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I have a 60 year old bike that is eight speed (2 chainrings, 4 cogs in the back). The smallest gear on freewheel is worn out, visibly hooked. I've found a replacement freewheel.

I don't have experience with bikes this old, but I've been riding since the eighties. My experience has always been that chains wear out before freewheel sprockets, but I've checked my (original, I believe) chain at several points with my Park chain checker tool and it's below .75 everywhere. Do you think I can continue running this chain on my new freewheel? I would like to keep it as original as possible and finding a "period correct" chain would be very difficult.

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  • Can you add a photo of the chain area of the bike ? Also, measure the inside and outside widths using calipers, that will help to know if a 6/7/8 speed chain will work or if you have to source something special.
    – Criggie
    Oct 28, 2021 at 3:39
  • Do you intend on riding this vintage bike ?
    – Criggie
    Oct 28, 2021 at 3:39
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    I do plan on riding the bike. It uses a 3/32" chain that measures .330" wide at the pins.
    – Eric
    Oct 28, 2021 at 13:39

2 Answers 2

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For something like this, a ruler is the superior way to measure chain wear. The reasons are kind of complicated, but essentially most modern chain checkers are only reasonably accurate by virtue of roller thickness being more standardized than it necessarily has to be or would be on an old specimen. A ruler requires squinting but will not lie. The Sheldon approach of replacing if wear is greater than 1/16" over 12" is good.

I understand that some 4-speed freewheels use 1/8" chain. I have no idea what the approach to replacing that chain would be other than try some current ones and see if it works. If yours takes 3/32" and measures about 5.5mm cog to cog, or a little more, then I don't think there's any issue using a 5/6-speed chain, which you can find good quality ones of still made that basically have vintage looks (Izumi).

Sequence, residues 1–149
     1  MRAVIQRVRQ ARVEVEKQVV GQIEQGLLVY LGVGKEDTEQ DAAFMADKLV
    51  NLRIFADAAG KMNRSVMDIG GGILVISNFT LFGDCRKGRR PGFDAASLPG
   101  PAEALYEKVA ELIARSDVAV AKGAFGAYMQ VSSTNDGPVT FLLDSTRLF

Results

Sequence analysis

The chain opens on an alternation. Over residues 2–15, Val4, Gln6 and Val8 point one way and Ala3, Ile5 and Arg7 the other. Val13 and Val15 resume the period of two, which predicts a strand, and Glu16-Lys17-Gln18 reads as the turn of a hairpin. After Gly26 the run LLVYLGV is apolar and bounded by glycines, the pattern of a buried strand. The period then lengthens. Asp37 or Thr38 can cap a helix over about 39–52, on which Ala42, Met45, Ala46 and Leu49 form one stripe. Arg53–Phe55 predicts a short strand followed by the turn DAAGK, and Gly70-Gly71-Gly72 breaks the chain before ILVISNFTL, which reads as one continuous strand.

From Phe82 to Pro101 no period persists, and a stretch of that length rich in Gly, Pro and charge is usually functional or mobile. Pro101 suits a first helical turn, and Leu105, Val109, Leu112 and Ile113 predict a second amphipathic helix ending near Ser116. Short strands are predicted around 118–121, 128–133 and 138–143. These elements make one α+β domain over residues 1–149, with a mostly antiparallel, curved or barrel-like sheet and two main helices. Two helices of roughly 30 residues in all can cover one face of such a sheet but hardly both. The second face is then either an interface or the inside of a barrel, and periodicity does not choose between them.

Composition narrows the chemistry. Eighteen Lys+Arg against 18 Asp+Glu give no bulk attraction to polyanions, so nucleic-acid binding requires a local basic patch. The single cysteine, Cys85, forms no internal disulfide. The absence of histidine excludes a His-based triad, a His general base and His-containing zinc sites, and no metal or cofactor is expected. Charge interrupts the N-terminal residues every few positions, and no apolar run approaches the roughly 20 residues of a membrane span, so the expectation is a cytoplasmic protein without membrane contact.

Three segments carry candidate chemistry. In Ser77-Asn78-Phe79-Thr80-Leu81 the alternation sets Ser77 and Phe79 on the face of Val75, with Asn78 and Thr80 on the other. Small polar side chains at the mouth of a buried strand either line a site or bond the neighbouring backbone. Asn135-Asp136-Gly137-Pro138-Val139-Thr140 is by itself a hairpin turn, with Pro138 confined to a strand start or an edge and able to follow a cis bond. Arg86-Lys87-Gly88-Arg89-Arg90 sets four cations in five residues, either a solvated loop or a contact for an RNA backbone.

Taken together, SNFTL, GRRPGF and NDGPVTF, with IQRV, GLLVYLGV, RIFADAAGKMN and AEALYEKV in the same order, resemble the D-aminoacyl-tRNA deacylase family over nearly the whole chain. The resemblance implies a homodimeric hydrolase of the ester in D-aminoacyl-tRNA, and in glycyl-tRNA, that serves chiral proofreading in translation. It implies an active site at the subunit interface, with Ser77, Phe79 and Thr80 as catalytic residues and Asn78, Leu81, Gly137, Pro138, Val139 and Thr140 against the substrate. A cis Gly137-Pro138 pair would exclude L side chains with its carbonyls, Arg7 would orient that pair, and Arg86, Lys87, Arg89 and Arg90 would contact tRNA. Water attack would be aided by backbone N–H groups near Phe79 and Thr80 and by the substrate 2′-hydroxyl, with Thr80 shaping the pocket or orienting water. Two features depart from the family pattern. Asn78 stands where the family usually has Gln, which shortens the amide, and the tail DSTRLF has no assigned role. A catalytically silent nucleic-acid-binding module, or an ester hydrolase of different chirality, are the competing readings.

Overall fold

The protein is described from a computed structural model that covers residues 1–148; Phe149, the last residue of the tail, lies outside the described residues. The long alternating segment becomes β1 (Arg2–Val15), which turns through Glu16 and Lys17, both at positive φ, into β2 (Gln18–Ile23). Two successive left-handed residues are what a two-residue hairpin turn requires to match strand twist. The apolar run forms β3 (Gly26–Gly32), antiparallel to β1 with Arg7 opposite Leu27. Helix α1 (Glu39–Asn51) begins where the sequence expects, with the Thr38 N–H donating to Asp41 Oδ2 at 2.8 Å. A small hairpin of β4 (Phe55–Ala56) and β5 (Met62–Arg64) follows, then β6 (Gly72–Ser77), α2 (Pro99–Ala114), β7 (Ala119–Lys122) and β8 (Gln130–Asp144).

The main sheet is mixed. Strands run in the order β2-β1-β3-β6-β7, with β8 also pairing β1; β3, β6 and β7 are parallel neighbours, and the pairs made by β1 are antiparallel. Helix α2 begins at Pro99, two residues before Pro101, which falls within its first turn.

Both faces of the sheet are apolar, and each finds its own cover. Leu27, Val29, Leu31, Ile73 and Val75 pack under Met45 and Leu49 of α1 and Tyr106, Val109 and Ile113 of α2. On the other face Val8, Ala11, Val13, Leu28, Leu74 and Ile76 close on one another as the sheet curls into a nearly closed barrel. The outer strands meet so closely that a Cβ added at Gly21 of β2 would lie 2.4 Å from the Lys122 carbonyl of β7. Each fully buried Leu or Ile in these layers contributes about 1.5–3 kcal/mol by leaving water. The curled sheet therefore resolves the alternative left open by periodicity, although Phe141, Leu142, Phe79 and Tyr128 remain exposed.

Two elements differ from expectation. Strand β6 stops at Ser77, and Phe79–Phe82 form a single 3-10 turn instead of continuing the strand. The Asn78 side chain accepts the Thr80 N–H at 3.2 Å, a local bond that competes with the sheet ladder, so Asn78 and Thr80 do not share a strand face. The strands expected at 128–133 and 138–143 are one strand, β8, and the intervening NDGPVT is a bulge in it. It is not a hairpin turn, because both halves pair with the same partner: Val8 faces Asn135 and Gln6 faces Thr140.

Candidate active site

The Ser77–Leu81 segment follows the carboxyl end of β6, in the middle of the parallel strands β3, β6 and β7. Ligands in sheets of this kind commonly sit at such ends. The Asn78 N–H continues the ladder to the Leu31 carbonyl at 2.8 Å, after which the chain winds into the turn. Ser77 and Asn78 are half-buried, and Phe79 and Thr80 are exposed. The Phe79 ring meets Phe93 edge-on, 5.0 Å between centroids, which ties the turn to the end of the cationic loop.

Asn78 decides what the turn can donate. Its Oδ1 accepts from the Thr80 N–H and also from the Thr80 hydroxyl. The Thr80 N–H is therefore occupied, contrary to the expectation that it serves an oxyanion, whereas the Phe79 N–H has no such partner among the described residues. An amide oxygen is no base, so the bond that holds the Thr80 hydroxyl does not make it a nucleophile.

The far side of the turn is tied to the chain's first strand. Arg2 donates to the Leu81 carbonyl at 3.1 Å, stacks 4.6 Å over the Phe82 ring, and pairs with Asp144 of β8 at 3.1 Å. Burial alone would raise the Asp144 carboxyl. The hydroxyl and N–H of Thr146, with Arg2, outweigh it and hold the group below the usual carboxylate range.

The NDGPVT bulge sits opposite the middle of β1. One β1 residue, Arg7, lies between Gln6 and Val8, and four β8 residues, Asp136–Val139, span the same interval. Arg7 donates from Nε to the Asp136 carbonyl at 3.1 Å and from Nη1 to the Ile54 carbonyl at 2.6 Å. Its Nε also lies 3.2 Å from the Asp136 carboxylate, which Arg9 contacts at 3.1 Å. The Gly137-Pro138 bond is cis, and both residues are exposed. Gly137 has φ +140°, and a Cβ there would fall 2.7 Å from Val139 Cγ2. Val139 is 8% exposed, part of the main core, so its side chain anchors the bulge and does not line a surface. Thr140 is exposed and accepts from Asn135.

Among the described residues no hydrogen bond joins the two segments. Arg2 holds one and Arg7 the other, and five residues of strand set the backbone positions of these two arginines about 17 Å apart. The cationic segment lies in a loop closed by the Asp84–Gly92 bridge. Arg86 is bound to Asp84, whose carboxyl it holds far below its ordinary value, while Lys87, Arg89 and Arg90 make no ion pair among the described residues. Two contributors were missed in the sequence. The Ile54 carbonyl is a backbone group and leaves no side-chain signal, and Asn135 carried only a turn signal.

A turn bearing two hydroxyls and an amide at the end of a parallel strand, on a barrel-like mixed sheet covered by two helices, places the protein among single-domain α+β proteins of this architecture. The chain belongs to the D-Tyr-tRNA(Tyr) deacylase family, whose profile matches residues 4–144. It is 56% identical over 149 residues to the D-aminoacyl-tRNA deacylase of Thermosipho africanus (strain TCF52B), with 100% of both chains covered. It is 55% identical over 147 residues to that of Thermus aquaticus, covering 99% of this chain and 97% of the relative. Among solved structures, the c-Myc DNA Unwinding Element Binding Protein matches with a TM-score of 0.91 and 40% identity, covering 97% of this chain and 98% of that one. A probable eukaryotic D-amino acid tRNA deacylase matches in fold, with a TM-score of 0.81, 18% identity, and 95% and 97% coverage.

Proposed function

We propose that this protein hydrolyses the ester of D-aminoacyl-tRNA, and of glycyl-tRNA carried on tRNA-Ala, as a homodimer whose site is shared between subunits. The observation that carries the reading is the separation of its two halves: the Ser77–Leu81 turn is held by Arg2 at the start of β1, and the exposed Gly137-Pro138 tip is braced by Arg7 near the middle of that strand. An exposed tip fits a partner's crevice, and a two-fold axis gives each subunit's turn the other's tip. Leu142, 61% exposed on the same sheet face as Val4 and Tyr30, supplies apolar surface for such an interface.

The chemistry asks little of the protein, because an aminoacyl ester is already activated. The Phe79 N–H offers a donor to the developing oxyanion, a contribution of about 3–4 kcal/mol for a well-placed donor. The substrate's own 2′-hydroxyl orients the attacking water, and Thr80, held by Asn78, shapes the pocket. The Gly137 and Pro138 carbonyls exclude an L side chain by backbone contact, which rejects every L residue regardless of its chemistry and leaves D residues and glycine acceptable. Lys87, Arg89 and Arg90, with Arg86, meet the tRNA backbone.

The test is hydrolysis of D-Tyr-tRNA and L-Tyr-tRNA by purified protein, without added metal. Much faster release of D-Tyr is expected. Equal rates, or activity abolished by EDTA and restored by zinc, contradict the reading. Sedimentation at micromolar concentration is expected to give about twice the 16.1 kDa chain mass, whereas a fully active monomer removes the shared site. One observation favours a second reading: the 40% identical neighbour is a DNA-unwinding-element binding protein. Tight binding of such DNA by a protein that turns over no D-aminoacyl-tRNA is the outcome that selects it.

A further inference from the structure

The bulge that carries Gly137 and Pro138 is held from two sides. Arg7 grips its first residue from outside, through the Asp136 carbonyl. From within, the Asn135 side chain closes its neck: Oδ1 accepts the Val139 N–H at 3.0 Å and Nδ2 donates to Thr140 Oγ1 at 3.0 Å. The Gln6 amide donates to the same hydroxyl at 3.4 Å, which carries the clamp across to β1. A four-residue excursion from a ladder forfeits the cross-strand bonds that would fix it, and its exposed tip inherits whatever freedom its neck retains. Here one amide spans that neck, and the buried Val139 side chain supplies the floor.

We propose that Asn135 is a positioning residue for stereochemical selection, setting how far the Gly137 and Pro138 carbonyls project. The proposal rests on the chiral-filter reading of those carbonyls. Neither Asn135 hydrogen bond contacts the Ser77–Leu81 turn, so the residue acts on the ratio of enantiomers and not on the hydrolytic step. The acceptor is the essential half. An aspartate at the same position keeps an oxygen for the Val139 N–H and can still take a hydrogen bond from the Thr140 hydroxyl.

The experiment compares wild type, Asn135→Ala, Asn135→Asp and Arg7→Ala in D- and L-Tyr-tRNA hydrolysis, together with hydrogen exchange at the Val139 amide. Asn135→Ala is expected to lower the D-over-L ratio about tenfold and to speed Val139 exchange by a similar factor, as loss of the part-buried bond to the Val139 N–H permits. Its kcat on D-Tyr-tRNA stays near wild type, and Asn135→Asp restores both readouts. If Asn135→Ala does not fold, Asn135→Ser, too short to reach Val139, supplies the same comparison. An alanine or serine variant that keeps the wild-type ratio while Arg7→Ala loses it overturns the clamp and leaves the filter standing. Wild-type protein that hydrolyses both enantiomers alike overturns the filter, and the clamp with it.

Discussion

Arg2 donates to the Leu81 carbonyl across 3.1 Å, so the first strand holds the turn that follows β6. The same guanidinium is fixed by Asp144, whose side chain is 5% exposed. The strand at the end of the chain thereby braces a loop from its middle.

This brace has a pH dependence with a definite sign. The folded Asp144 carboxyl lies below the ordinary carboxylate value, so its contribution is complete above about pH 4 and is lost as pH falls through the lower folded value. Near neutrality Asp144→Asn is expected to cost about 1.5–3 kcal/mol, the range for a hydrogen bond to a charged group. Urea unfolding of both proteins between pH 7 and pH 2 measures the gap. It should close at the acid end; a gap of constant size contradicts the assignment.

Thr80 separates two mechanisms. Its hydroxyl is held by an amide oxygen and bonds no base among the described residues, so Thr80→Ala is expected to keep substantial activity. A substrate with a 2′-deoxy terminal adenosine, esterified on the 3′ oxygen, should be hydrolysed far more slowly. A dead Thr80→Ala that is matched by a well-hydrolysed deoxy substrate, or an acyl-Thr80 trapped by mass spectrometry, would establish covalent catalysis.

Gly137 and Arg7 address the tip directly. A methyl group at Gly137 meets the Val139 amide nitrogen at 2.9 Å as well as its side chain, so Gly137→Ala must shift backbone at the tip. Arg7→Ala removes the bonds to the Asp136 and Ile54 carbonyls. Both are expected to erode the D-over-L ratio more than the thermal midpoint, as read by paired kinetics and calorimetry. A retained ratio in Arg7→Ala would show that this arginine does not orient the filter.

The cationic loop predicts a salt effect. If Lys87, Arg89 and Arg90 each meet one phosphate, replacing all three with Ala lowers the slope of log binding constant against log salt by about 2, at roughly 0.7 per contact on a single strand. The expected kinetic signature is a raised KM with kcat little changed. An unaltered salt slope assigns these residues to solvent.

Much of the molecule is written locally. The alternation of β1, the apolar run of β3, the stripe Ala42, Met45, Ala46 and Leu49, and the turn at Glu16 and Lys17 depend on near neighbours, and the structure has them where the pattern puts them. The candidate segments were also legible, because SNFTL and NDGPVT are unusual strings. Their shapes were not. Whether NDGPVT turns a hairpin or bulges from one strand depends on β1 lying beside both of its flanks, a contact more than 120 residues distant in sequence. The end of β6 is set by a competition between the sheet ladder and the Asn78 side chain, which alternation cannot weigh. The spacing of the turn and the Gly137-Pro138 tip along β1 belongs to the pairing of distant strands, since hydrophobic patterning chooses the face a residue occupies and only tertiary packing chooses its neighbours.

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    I just checked and it's less than 1/16" over 12" in length. I read that approach for measuring chain stretch in the Tom Dougherty book back in the eighties, but haven't used it since I got my chain checker tool.
    – Eric
    Oct 28, 2021 at 13:44
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Chains are consumables and will wear over time. Presumably this bike is to use, not as a static showpiece?

If you value the current chain for period correctness, take it off now before it wears out, and fit a suitable replacement - a 5 speed chain might be okay, otherwise a 6/7/8 speed chain might be the nearest you can find.

Clean, lube, and bag the original chain for storage, and only fit it to the bike for a show or special event.

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    I'll see if I can find a good five speed chain.
    – Eric
    Oct 28, 2021 at 13:45

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